3. Watch Your Intake of Vitamin B6

Too much of a nutrient can also lead to neuropathy, Dr. Latov cautions. Vitamin B6 is particularly problematic, because in excess it can be toxic to the nerves. (13)

The RDA of vitamin B6 is 2 milligrams (mg) per day, Latov says, but many B6 supplements contain 100 mg or more. Doses greater than 200 mg may cause neuropathy, as well as fatigue, problems with movement and breathing, and vomiting. These symptoms appear to be reversible after use is stopped.

“B6 is an additive to all sorts of packaged foods,” Latov says. “Susceptibility [to absorbing the nutrient] varies, so if you take B6 supplements, you really should have your blood levels checked to make sure they’re not in excess.”

4. Avoid Mercury and Other Toxins in Your Food That Are Linked to Neuropathy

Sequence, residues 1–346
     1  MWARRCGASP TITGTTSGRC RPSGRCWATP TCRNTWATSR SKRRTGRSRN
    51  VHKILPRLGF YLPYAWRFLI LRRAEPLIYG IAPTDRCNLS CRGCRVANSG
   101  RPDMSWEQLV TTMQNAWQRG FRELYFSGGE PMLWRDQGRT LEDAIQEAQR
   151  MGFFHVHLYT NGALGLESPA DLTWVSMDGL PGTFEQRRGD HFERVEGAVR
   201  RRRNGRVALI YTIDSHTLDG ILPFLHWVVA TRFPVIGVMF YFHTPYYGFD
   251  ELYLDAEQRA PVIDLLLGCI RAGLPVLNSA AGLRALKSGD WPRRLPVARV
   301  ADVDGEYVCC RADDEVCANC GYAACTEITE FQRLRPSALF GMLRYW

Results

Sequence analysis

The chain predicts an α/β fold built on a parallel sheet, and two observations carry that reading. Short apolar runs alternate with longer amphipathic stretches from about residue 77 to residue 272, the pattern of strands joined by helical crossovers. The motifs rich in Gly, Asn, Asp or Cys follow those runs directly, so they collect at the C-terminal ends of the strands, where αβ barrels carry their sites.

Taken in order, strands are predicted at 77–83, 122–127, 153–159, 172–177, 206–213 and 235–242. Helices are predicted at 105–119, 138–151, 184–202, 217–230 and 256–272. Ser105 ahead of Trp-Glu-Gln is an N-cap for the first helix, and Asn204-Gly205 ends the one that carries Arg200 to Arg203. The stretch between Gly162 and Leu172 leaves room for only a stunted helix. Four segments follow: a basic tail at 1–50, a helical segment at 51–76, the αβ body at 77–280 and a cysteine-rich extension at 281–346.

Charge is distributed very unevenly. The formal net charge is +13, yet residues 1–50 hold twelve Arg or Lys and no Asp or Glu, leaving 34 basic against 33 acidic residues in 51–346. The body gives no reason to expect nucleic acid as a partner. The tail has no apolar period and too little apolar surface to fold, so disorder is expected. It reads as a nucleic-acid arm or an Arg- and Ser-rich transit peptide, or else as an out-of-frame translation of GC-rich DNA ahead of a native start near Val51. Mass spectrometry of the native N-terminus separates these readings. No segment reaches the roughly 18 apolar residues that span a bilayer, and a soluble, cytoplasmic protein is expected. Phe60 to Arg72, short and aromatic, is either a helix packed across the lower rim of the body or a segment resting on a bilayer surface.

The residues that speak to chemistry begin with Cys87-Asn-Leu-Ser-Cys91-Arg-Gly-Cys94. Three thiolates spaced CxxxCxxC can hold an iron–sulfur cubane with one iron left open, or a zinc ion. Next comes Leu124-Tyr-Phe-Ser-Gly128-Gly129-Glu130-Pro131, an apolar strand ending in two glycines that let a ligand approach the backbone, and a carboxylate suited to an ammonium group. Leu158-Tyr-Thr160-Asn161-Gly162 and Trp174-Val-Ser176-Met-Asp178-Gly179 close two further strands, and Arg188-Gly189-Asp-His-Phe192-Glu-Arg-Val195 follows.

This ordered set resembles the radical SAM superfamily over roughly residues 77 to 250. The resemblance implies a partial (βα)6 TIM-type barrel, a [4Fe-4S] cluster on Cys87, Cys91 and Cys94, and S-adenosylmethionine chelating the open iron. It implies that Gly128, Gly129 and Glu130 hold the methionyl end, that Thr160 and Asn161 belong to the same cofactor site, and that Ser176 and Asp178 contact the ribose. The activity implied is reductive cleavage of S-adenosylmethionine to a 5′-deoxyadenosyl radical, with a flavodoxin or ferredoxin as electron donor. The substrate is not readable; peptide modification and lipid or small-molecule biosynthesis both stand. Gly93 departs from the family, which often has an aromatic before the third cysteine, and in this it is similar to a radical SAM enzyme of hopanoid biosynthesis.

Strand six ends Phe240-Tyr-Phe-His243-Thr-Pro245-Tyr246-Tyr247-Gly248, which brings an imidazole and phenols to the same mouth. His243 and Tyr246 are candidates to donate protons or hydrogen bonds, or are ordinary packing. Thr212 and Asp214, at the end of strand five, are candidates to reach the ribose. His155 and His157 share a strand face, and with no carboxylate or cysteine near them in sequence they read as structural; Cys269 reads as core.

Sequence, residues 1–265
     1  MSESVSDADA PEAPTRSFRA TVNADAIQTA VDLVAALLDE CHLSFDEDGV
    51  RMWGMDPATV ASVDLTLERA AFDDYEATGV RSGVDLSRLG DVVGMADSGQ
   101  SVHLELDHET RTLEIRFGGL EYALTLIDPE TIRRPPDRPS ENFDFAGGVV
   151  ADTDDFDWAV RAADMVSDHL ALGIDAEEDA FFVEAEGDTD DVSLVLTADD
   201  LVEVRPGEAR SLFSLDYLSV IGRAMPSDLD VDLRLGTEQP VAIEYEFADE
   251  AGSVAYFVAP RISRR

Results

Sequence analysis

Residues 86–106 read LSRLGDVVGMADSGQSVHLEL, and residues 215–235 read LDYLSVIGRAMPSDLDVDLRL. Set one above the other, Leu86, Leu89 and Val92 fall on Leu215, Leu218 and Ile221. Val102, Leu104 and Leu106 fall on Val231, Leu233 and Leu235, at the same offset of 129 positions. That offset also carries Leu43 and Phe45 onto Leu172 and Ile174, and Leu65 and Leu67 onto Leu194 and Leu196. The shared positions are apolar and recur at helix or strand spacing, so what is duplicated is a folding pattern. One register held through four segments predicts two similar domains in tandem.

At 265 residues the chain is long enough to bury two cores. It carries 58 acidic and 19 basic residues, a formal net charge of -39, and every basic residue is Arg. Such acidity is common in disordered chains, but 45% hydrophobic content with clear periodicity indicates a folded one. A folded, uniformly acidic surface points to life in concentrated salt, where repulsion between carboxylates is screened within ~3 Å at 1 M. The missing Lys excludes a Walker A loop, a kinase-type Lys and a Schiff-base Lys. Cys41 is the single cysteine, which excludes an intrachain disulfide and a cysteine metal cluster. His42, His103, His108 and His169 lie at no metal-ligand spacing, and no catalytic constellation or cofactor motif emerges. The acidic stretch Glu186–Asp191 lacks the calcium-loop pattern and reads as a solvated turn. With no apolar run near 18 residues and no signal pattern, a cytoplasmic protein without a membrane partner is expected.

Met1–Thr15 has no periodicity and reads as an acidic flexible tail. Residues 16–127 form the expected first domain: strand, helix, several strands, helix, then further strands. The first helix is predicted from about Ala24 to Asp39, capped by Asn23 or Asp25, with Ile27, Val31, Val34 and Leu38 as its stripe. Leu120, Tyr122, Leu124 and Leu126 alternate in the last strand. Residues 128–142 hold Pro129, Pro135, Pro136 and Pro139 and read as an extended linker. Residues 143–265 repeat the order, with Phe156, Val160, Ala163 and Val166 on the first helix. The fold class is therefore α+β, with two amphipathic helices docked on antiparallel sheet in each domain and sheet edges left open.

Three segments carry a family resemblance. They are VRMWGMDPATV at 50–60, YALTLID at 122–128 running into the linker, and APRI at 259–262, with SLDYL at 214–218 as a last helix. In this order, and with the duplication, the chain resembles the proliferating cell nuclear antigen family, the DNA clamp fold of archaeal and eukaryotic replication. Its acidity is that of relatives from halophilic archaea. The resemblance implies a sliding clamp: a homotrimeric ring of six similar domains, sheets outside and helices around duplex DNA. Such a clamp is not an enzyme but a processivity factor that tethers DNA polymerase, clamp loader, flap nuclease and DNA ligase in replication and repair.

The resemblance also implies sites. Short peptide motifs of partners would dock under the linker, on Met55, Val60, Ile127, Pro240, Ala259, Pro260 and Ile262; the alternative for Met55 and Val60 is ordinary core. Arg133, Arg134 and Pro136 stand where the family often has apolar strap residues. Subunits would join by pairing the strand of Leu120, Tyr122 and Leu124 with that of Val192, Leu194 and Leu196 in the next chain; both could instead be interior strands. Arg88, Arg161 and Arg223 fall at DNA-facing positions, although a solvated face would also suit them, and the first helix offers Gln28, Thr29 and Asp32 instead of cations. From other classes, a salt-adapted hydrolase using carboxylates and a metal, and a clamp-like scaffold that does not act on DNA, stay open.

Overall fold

Toxins in food can damage your nerves, so close attention to what is in your food can benefit your entire family.

Even seemingly healthy foods can contain contaminants that may play a role in the development of neuropathy, Latov says. “Some people eat lots of seafood in their diet, but [seafood] can contain lots of mercury,” he says.

The organic source of mercury he is talking about, known as methylmercury, is present in most people at low levels because it contaminates nearly all fish and seafood. However, most people have blood mercury levels below those associated with possible adverse health effects such as neuropathy. (14)

Consuming large quantities of fish can increase a person’s exposure to mercury. At sufficiently high levels, methylmercury poisoning is linked to loss of peripheral vision; “pins and needles” feelings, usually in the hands, feet, and around the mouth; lack of coordination of movements; impairment of speech, hearing, and walking; and muscle weakness.